The awaited fiscal 2022 report for Stamford, delayed by over a year, has finally emerged, revealing substantial deficiencies in financial management. Scheduled for review by the Stamford Board of Finance next week, the report, conducted by independent auditor RSM, exposes various shortcomings within the city’s financial departments.
Outlined under the category “Cause,” the report delineates the reasons behind these failures. These issues encompass lapses such as inadequate financial controls, improper review of general ledger account balances, deficiencies in grant management, and the absence of centralized grant reporting, among others.
Furthermore, the report delves into the implications of these shortcomings, highlighting their detrimental impact on the city. The lack of effective financial information hampers managerial decision-making, while deficient reporting jeopardizes future state and federal grant awards. The report also notes the necessity for restating balances in government and capital projects accounts from 2021 due to inadequacies.
RSM’s auditors underscore the significance of good internal controls that ensure regular reconciliation of accounts and thorough reviews by supervisory staff. However, Stamford has faltered in executing these measures. During the audit process, RSM identified over 125 adjustments that needed to be rectified by city financial officials, contributing to significant audit delays and inefficiencies.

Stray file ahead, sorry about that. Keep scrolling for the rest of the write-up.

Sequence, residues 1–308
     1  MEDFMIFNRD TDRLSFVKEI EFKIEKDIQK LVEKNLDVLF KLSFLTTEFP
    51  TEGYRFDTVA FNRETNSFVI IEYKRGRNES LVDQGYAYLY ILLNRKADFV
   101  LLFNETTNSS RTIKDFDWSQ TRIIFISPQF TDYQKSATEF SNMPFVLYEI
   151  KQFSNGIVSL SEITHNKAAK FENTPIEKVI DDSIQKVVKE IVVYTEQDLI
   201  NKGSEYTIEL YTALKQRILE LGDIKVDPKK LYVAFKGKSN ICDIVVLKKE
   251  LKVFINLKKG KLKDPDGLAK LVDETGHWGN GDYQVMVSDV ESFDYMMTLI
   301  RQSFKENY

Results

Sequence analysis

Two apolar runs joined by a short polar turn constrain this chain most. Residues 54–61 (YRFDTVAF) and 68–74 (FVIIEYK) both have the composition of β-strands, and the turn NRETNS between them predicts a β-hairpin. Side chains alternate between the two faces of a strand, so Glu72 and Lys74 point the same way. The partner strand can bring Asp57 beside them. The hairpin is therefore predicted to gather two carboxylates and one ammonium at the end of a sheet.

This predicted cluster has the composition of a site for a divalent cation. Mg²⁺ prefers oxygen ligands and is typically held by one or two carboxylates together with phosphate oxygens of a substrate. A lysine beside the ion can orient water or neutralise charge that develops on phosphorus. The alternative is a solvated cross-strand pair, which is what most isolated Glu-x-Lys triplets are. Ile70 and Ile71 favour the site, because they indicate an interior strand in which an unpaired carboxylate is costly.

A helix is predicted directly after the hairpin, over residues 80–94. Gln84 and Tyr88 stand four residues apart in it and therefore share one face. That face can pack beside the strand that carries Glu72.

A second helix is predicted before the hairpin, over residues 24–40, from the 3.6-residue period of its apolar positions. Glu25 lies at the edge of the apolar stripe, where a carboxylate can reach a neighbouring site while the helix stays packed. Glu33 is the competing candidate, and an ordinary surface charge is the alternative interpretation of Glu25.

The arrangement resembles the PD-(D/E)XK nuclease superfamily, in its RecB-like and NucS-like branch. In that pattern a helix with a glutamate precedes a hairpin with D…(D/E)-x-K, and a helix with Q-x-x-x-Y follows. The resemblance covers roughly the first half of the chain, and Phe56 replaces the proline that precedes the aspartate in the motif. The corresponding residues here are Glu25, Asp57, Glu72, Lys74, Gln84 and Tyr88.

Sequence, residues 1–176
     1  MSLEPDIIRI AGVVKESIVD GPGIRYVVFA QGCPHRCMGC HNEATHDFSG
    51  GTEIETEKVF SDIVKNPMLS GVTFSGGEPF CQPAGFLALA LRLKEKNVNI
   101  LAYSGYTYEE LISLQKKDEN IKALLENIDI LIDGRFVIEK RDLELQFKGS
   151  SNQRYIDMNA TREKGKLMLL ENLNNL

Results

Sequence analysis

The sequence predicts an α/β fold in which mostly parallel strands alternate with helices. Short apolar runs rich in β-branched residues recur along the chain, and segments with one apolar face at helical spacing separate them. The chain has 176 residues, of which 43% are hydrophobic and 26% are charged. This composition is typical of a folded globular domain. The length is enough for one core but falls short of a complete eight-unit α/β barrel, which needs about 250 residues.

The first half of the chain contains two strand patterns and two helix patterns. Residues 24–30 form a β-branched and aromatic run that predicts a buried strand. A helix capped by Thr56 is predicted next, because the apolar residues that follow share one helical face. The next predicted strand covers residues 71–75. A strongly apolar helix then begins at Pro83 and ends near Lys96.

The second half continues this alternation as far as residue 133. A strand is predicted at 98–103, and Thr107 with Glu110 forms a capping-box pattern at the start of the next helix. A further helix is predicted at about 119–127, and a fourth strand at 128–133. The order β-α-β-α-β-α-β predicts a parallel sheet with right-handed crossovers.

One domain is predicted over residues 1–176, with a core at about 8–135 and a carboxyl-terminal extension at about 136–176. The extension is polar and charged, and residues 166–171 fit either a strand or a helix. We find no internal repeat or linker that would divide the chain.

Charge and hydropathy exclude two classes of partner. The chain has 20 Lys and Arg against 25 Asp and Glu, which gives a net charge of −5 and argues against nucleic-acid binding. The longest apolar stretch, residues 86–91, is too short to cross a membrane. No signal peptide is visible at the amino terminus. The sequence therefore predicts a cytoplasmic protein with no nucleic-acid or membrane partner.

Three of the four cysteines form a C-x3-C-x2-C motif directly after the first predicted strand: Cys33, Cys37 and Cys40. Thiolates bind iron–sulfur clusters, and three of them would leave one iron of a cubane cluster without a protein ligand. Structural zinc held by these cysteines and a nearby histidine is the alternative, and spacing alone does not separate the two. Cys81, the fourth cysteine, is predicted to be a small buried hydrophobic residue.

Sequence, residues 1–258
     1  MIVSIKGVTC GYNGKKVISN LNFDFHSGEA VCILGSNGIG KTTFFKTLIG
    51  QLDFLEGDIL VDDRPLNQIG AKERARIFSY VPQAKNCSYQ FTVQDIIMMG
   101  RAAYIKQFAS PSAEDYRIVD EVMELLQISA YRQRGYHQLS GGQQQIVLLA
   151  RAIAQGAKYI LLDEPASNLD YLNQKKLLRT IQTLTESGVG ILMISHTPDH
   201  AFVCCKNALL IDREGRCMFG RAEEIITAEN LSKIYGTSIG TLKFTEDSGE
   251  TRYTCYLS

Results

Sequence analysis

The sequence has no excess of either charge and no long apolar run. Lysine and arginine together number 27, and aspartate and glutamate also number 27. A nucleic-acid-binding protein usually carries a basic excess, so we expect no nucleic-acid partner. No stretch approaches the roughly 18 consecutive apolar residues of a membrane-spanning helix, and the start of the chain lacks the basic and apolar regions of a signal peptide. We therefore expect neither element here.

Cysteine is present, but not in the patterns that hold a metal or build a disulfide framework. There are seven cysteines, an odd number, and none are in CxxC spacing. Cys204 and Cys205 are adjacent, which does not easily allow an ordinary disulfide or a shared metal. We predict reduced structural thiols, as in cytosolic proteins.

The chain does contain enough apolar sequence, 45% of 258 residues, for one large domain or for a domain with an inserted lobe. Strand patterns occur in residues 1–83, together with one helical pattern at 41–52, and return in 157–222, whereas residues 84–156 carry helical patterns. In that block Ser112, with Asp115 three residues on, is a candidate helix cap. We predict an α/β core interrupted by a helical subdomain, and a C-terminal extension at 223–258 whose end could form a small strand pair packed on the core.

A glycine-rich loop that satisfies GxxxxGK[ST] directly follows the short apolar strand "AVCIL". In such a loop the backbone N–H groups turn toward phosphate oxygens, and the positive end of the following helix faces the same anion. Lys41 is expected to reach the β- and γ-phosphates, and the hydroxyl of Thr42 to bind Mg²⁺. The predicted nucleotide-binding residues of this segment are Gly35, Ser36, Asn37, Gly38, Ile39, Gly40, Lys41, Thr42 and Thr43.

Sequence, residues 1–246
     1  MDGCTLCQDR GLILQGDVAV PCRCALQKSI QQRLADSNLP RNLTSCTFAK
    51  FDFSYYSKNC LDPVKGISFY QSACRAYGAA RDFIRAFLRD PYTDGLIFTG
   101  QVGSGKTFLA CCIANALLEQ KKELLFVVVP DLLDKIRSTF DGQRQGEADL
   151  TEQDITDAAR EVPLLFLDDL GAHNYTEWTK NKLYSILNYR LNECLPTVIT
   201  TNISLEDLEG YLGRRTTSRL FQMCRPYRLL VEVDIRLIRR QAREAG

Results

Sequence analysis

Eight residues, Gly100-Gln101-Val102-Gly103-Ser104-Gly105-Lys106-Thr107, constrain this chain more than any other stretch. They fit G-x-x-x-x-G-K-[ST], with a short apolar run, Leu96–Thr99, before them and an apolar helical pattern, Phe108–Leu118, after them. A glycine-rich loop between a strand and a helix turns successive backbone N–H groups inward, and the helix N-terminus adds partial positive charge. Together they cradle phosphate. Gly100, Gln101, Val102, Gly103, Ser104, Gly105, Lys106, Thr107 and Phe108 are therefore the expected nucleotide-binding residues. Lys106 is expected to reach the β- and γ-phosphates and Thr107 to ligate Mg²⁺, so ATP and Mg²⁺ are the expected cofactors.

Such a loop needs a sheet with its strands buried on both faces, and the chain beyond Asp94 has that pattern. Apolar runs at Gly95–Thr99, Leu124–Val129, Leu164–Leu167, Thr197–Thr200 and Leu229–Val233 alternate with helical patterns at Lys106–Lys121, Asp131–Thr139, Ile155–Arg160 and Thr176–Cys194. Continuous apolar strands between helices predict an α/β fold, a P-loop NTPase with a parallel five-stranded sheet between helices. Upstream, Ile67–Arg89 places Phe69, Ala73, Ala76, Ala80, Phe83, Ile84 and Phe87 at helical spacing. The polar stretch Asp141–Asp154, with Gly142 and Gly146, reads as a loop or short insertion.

The report highlights how weak financial controls lead to inaccuracies, impacting management decisions. It emphasizes the need for robust internal controls to ensure the reliability of financial reporting—a standard Stamford has failed to meet, as the audit revealed.
Among the adjustments made by auditors was a $15.7 million increase in liabilities related to mold remediation, stemming from the unexpected discovery of mold in school buildings back in 2018. The costs associated with this issue surpassed initial estimates significantly, prompting a substantial upward revision.
Another adjustment involved the misclassification of assets as “construction in progress,” erroneously accounting for assets already in use. This misclassification, valued at $18.5 million, affected the valuation of city assets but did not directly impact the city budget.
Ben Barnes, Director of Administration, highlighted that several completed projects weren’t placed into service promptly, leading to the underestimation of liabilities related to these ventures.
In summary, the delayed audit report has unveiled multifaceted shortcomings in Stamford’s financial accounting, emphasizing the pressing need for strengthened internal controls and accurate reporting mechanisms to mitigate such issues.